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| With: (voices) Jean-Claude Donda, Eilidh Rankin, Duncan MacNeil, Raymond Mearns, James T. Muir, Tom Urie, Paul Bandey |
| Written by: Sylvain Chomet, based on a screenplay by Jacques Tati |
| Directed by: Sylvain Chomet |
| MPAA Rating: PG for thematic elements and smoking |
| Language: French, with English subtitles |
| Running Time: 90 |
| Date: 16/02/2010 |
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By Jeffrey M. Anderson While he was making his terrific film The Triplets of Belleville (2003), animator Sylvain Chomet approached the Jacques Tati estate for permission to use a clip of Tati's Jour de Fete (1948) in one sequence. That contact sparked a working relationship; Tati's daughter Sophie gave Chomet Tati's unproduced script of The Illusionist. It made perfect sense: Tati's character Mr. Hulot could be resurrected in the form of a cartoon. No voice impersonation would be necessary (though Jean-Claude Donda provides Tati's grunts, mumbles and musings), and the rest is all right there on paper and in Tati's finished films.
It's easy to see why Tati never filmed this script. On the one hand, it's a sweet tribute to a daughter, but it's also quite bittersweet, heartbreaking and more than a little depressing. In this film, Hulot is re-cast as "Tatischeff" (Tati's birth name), an illusionist in 1950s-era Europe. (Tati's 1958 film Mon Oncle is playing in one movie house.) He finds that his skills are less and less impressive in an age of rock 'n' roll, and he finds himself working smaller and smaller houses, or on the odd end of an already-packed bill.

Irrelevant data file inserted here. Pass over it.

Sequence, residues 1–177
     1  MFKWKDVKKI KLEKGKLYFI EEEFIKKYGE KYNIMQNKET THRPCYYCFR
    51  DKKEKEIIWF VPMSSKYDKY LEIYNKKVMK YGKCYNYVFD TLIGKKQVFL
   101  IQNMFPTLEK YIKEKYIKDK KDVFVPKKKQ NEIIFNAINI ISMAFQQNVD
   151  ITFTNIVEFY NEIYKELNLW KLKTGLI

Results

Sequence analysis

For one show, he travels to a remote village near Scotland, where electricity is just arriving for the first time. The Illusionist's show is upstaged by the flicking of a light bulb, but one ragtag teen girl, Alice (voiced by Eilidh Rankin), is fascinated by his tricks, believing that he is performing them for real. He "conjures" some nice new shoes to replace her torn ones, and she decides to run away to join him on the road. The Illusionist comes to love the girl, but she begins to expect more and more lavish gifts. Eventually, he sacrifices everything for her, and she leaves his side for the love of a young man her own age.
It sounds rather dreary, but of course, the film contains plenty of warm humor; oddball characters creep around the foregrounds and backgrounds, and a shifty, bitey rabbit provides some entertainment as well. However, judging from the similarity to The Triplets of Belleville, it's not too difficult to see that these jokes are more from Chomet's sensibility than from Tati's. There's very little sense of Tati's view of the universe, and the way that vast spaces and various objects and buildings can conspire against man, or at least make him look rather ridiculous. Chomet's palette is small and quaint; when The Illusionist uses a rolling clothing rack to hide behind, nothing comes of it. There's a kind of attempt at a joke, but definitely no commentary is made on the clothes or the rack.
There's more, too. Most accounts are simply assuming that Tati wrote this story as a tribute to his daughter Sophie, who gave the script to Chomet. But Tati had two daughters. He apparently abandoned an older one, Helga, during a rough time in his life, and they remained estranged. It has been suggested that Tati wrote this for Helga, rather than for Sophie, although a more emotionally complex combination is also possible. Regardless, while Chomet's film comes with a certain amount of pain, it doesn't really do justice to the story-behind-the-story. This is not to say that The Illusionist is bad -- I was quite taken by its small, quiet rhythms -- but it should not be confused with a Tati film.